tray on which was balanced two bowls of chocolate, and the snuffy old gentlemen
leered at her ankles. The maid deposited the chocolate at a table near
the window and smiled at Hastings. Then a thin young lady, followed by
her counterpart in all except years, marched into the room and took the
table near the window. They were evidently American, but Hastings, if he
expected any sign of recognition, was disappointed. To be ignored by compatriots
intensified his depression. He fumbled with his knife and looked at his
The thin young lady was talkative
enough. She was quite aware of Hastings' presence, ready to be flattered
if he looked at her, but on the other hand she felt her superiority for
she had been three weeks in Paris and he, it was easy to see, had not yet
unpacked his steam-trunk.
Her conversation was complacent.
She argued with her mother upon the relative merits of the Louvre and the
Bon Marché but her mother's part of the discussion was mostly confined
to the observation, "Why, Susie!"
The snuffy old gentlemen had left
the room in a body, outwardly polite and inwardly raging. The could not
endure the Americans, who filled the room with their chatter.
The big-headed young man looked
after them with a knowing cough, murmuring, "Gay old birds!"
To this Mr. Bladen smiled and said,
"They've had their day," in a tone which implied that he was not having
"And that's why they all have baggy
eyes," cried the girl. "I think it's a shame for young gentlemen----"
"Why, Susie," said the mother, and
the conversation lagged.
After a while Mr. Bladen threw down
the "Petit Journal," which he daily studied at the expense of the house,
and turning to Hastings started to make himself agreeable. He began by
saying, "I see you are an American."
To this brilliant and original opening,
Hastings, deadly homesick, replied gratefully, and the conversation was
judiciously nourished by observations from Miss Susie Byng distinctly addressed
to Mr. Bladen. In the course of events Miss Susie, forgetting to address
herself exclusively to Mr. Bladen, and Hastings replying to her general
question, the entente cordiale was established, and Susie and her mother
extended a protectorate over what was clearly neutral territory.
"Mr. Hastings, you must not desert
the pension every evening as Mr. Bladen does. Paris is an awful place for
young gentlemen, and Mr. Bladen is a horrid cynic."
Mr. Bladen looked gratified.
Hastings answered, "I shall be at
the studio all day, and I imagine I shall be glad enough to come back at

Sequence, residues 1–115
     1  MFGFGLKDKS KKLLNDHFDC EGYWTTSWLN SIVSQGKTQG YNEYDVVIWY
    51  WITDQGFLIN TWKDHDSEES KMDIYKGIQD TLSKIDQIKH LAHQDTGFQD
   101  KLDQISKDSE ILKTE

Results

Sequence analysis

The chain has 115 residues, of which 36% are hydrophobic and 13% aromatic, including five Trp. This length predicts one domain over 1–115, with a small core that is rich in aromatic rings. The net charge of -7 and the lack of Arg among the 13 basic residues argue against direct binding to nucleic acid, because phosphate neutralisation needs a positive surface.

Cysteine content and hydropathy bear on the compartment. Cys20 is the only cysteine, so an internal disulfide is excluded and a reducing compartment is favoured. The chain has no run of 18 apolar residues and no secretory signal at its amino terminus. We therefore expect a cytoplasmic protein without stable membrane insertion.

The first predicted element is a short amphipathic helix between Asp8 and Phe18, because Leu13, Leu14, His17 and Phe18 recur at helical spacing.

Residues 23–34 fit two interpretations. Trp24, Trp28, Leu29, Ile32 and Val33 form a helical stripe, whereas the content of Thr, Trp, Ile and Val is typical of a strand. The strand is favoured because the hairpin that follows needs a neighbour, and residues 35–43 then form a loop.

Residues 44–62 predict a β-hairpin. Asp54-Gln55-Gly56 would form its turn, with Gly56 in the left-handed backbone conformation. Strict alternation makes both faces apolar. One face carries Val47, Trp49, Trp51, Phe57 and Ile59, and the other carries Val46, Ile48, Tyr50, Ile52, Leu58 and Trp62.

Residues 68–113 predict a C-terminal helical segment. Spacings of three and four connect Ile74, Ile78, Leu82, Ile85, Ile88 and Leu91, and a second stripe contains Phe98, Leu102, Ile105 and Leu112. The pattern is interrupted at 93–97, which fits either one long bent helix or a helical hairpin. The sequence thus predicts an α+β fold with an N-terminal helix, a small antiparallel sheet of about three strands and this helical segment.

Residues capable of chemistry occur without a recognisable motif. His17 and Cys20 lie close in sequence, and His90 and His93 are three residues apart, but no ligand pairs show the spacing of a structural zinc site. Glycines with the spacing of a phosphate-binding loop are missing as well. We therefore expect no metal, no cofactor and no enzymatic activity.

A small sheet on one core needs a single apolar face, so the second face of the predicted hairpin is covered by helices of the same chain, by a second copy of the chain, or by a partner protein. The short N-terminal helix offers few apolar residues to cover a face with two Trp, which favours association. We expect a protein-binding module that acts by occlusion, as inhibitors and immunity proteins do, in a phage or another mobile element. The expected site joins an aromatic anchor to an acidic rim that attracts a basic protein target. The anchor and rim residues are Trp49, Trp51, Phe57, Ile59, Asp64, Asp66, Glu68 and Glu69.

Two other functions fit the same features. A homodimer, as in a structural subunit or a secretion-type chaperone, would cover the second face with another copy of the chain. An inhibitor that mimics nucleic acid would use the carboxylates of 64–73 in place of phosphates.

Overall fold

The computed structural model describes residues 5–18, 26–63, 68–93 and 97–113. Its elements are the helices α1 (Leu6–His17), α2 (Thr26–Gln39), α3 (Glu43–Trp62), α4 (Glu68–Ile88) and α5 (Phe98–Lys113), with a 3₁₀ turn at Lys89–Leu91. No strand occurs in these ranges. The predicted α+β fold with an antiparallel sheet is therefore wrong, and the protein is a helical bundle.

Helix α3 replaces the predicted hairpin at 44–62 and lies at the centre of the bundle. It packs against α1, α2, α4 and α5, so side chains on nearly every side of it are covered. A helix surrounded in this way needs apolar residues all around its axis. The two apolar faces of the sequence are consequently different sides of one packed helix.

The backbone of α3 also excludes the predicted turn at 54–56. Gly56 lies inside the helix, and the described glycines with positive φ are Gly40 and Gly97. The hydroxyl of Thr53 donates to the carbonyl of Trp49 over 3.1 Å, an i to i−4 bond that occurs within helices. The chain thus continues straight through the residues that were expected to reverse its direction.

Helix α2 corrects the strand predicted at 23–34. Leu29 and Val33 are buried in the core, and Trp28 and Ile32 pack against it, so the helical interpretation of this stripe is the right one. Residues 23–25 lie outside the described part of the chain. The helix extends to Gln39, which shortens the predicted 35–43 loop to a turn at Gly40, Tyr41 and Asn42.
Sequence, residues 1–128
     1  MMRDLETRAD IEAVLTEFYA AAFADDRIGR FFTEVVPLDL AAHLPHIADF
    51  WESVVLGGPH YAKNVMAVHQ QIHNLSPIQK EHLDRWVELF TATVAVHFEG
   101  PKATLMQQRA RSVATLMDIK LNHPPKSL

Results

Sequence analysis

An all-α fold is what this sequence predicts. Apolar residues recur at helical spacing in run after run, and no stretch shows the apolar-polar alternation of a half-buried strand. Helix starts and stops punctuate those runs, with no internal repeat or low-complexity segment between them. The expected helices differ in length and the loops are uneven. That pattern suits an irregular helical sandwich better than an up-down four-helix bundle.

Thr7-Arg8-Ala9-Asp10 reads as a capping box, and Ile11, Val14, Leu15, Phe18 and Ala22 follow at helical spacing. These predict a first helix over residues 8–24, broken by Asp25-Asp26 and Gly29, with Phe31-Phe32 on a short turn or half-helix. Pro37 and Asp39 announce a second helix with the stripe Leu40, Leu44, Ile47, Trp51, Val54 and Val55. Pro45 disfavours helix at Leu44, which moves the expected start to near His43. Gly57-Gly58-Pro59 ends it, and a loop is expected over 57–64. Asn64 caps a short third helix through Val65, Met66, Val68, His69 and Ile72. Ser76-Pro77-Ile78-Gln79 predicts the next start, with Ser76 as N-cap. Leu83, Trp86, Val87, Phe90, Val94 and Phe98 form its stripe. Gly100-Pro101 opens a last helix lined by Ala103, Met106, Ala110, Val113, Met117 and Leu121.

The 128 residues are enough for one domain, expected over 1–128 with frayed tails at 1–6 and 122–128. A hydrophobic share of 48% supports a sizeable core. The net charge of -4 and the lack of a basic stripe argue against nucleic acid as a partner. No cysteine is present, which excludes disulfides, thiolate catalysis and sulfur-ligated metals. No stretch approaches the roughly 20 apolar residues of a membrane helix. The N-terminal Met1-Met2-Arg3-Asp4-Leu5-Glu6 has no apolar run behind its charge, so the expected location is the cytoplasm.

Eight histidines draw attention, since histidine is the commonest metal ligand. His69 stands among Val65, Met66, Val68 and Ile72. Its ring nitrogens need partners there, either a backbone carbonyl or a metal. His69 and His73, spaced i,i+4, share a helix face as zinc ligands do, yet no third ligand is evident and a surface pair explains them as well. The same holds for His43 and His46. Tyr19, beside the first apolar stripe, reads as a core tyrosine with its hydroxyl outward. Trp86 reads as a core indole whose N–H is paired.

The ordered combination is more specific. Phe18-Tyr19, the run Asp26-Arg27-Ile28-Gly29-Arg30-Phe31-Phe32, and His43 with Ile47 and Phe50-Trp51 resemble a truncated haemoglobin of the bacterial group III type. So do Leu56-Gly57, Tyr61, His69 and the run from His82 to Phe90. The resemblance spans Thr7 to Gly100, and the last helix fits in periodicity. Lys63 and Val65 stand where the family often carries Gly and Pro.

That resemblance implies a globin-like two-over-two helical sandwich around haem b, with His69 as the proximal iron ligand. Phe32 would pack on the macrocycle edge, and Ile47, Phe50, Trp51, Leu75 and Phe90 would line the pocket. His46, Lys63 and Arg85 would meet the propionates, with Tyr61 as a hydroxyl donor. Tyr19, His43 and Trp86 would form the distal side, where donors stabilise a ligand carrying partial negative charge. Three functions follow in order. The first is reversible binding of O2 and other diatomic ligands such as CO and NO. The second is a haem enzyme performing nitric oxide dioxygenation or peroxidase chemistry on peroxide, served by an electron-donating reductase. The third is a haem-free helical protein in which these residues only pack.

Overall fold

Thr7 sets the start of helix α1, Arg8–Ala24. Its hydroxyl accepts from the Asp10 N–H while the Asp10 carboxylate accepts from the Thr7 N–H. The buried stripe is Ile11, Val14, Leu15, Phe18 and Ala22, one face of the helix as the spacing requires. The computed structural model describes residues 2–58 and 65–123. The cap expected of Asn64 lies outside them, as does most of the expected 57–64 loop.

Mr. Bladen, who, at a salary of
fifteen dollars a week, acted as agent for the Pewly Manufacturing Company
of Troy, N.Y., smiled a skeptical smile and withdrew to keep an appointment
with a customer on the Boulevard Magenta.
Hastings walked into the garden
with Mrs. Byng and Susie, and, at their invitation, sat down in the shade
before the iron gate.
The chestnut trees still bore their
fragrant spikes of pink and white and the bees hummed among the roses,
trellised on the white-walled house.
A faint freshness was in the air.
The watering carts moved up and down the streets, and a clear stream bubbled
over the spotless gutters of the rue de la Grande Chaumière. The
sparrows were merry along the curbstones, taking bath after bath in the
water and ruffling their feathers with delight. In a walled garden across
the street a pair of blackbirds whistled among the almond trees.
Hastings swallowed the lump in his
throat, for the song of the birds and the ripple of water in a Paris gutter
brought back to him the sunny meadows of Millbrook.
"That's a blackbird," observed Miss
Byng; "see him there on the bush with pink blossoms. He's all black except
his bill, and that looks as if it had been dipped in an omelet, as some
"Why, Susie!" said Mrs. Byng.
"That garden belongs to a studio
inhabited by two Americans," continued the girl serenely, "and I often
see them pass. They seem to need a great many models, mostly young and
"Perhaps they prefer painting that
kind, but I don't see why they should invite five, with three more young
gentlemen, and all get into two cabs and drive away singing. This street,"
she continued, "is dull. There is nothing to see except the garden and
a glimpse of the Boulevard Montparnasse through the rue de la Grande Chaumière.
No one ever passes except a policeman. There is a convent on the corner."
"I thought it was a Jesuit College,"
began Hastings, but was at once overwhelmed with a Baedecker description
of the place, ending with, "on one side stand the palatial hotels of Jean
Paul Laurens and Guillaume Bouguereau, and opposite, in the little Passage
Stanislas, Carolus Duran paints the masterpieces which charm the world."
The blackbird burst into a ripple
of golden throaty notes, and from some distant green spot in the city,
an unknown wild-bird answered with a frenzy of liquid trills until the
sparrows paused in their ablutions to look up with restless chirps.
Then a butterfly came and sat on
a cluster of heliotrope and waved his crimson-banded wings in the hot sunshine.
Hastings knew him for a friend and before his eyes there came a vision
of tall mullins and scented milkweed alive with painted wings, a vision
of a white house and woodbine-covered piazza,--a glimpse of a man reading
and a woman leaning over the pansy bed,--and his heart was full. He was
startled a moment later by Miss Byng.
"I believe you are homesick!" Hastings
blushed. Miss Byng looked at him with a sympathetic sigh and continued:
"Whenever I felt homesick at first I used to go with mamma and walk in
the Luxembourg Gardens. I don't know why it is but those old-fashioned
gardens seem to bring me nearer home than anything in this artificial city."
"But they are full of marble statues,"
said Mrs. Byng mildly, "I don't see the resemblance myself."
"Where is the Luxembourg?" inquired
Hastings after a silence.
"Come with me to the gate," said
Miss Byng. He rose and followed her, and she pointed out the rue Vavin
at the foot of the street.
"You pass by the convent to the
right," she smiled; and Hastings went.
End of Part One... Go on
to Part Two...